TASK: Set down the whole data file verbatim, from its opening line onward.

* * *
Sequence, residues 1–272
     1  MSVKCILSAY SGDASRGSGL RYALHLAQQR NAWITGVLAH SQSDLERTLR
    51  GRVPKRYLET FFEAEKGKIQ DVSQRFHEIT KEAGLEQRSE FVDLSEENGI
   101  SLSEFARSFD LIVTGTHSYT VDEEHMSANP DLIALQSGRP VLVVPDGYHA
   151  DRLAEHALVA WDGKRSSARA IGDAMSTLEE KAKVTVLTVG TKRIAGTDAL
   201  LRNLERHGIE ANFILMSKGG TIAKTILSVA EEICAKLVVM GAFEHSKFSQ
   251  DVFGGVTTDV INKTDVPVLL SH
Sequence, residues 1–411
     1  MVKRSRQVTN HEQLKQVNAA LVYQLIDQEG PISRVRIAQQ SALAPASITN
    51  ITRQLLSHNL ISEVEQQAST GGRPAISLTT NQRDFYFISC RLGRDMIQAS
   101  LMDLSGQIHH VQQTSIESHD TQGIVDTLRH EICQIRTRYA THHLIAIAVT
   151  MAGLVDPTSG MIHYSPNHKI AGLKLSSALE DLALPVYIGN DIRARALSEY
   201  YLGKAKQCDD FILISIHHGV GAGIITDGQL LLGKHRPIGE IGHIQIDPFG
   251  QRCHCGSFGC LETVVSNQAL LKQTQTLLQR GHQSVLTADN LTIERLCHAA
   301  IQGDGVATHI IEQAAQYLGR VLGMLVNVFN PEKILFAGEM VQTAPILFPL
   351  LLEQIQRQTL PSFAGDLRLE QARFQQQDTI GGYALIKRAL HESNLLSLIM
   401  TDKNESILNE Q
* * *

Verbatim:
Sequence, residues 1–272
     1  MSVKCILSAY SGDASRGSGL RYALHLAQQR NAWITGVLAH SQSDLERTLR
    51  GRVPKRYLET FFEAEKGKIQ DVSQRFHEIT KEAGLEQRSE FVDLSEENGI
   101  SLSEFARSFD LIVTGTHSYT VDEEHMSANP DLIALQSGRP VLVVPDGYHA
   151  DRLAEHALVA WDGKRSSARA IGDAMSTLEE KAKVTVLTVG TKRIAGTDAL
   201  LRNLERHGIE ANFILMSKGG TIAKTILSVA EEICAKLVVM GAFEHSKFSQ
   251  DVFGGVTTDV INKTDVPVLL SH
Sequence, residues 1–411
     1  MVKRSRQVTN HEQLKQVNAA LVYQLIDQEG PISRVRIAQQ SALAPASITN
    51  ITRQLLSHNL ISEVEQQAST GGRPAISLTT NQRDFYFISC RLGRDMIQAS
   101  LMDLSGQIHH VQQTSIESHD TQGIVDTLRH EICQIRTRYA THHLIAIAVT
   151  MAGLVDPTSG MIHYSPNHKI AGLKLSSALE DLALPVYIGN DIRARALSEY
   201  YLGKAKQCDD FILISIHHGV GAGIITDGQL LLGKHRPIGE IGHIQIDPFG
   251  QRCHCGSFGC LETVVSNQAL LKQTQTLLQR GHQSVLTADN LTIERLCHAA
   301  IQGDGVATHI IEQAAQYLGR VLGMLVNVFN PEKILFAGEM VQTAPILFPL
   351  LLEQIQRQTL PSFAGDLRLE QARFQQQDTI GGYALIKRAL HESNLLSLIM
   401  TDKNESILNE Q